Theresa Edwards-Capen


This pilot study explores narratives of parental death shared by adults who were between the ages of four and 25 when they lost their own parents–often suddenly and unexpectedly. Drawing on data gathered through 21 semi-structured, in-depth interviews, four themes emerged in my analysis of the data: Losing a Loved One: Why Them?; Diverting Blame; Finding Purpose; and Learning in Advance. Although experiences of parental deaths were diverse, this research and the typology that it presents illustrates how participants used narrative accounts to explain or find meaning in their parent’s cause of death. Additionally, in some cases, I found that participants attempted to minimize the stigma associated with early death through managing the situation concerning parental loss. Through their accounts, or lack thereof, the participants offered essential insight into how parental death narratives are socially constructed and influenced by cultural norms and expectations of death.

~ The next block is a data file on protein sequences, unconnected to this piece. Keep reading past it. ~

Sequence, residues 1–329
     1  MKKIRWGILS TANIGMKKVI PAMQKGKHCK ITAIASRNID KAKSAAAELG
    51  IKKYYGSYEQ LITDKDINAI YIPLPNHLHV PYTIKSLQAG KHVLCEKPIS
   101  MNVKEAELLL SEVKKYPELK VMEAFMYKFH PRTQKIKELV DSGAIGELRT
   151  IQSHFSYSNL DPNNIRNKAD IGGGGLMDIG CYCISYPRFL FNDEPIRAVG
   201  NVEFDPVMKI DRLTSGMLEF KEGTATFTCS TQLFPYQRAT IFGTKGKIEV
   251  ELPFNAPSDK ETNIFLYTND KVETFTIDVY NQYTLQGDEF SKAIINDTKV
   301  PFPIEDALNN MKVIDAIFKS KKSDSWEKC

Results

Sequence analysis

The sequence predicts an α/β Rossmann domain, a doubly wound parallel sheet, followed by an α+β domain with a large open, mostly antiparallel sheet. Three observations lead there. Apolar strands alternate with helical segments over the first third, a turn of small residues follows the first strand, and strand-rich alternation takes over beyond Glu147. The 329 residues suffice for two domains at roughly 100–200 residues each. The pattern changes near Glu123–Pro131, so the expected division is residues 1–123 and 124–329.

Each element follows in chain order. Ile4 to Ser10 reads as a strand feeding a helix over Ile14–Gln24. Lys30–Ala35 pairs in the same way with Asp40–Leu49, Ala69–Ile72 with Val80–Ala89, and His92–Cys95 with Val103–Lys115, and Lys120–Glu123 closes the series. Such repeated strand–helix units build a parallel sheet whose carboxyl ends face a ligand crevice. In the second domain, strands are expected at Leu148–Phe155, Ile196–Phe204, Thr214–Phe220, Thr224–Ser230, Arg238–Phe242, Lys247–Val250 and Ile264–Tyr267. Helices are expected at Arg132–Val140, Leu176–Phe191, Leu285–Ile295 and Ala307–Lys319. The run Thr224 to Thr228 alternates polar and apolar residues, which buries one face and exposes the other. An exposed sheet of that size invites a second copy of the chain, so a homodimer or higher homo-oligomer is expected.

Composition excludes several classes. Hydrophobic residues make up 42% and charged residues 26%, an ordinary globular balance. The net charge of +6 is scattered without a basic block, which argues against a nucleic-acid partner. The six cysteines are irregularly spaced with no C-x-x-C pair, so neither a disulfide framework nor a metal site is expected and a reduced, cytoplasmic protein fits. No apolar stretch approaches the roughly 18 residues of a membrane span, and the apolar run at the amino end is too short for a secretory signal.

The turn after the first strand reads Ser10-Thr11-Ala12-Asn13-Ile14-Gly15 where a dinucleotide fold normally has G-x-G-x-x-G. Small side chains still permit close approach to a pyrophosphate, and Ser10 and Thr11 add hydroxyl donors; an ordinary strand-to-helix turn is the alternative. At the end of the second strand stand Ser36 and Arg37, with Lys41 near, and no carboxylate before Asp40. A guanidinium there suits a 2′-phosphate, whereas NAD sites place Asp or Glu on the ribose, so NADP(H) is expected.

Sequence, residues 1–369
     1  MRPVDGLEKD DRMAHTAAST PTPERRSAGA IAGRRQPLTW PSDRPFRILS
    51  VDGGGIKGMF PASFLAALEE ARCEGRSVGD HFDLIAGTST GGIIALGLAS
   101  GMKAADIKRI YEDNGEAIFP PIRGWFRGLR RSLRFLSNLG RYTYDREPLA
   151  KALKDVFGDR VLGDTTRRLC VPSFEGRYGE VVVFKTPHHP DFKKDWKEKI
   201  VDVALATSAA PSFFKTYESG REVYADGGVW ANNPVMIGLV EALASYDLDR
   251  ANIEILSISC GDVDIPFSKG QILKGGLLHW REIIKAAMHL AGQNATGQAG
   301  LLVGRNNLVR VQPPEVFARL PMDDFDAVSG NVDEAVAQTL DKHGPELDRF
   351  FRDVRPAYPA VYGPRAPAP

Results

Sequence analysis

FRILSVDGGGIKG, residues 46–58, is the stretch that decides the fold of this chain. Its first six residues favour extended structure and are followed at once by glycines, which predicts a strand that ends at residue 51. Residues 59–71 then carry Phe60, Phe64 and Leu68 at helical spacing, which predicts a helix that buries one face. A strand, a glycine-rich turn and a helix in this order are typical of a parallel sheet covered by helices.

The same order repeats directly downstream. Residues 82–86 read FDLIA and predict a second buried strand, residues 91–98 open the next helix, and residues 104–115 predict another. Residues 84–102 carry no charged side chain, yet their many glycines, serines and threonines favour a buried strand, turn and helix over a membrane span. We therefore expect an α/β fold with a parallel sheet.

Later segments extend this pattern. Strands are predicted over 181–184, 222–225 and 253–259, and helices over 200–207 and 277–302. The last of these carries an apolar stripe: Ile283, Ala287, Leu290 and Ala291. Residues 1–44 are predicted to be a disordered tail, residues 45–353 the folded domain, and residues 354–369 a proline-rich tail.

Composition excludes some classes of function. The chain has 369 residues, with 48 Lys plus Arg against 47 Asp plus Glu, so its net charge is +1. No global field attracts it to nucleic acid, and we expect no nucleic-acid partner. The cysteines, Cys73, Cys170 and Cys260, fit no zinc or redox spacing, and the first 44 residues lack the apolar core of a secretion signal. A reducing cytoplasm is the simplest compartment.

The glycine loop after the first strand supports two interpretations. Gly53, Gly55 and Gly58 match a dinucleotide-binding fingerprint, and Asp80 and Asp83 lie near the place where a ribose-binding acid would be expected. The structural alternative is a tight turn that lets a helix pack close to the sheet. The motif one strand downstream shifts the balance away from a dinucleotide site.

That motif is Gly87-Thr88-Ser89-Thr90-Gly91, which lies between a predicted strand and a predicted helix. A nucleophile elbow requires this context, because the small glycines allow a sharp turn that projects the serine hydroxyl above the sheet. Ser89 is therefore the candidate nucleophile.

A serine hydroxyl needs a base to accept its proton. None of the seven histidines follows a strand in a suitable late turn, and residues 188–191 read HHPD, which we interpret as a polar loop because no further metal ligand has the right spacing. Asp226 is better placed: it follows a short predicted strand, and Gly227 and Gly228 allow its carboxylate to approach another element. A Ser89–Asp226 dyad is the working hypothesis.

M.A. in Sociology
University of Colorado Boulder

Committee Members

Lori Peek (Chair)
Leslie Irvine
Stefanie Mollborn

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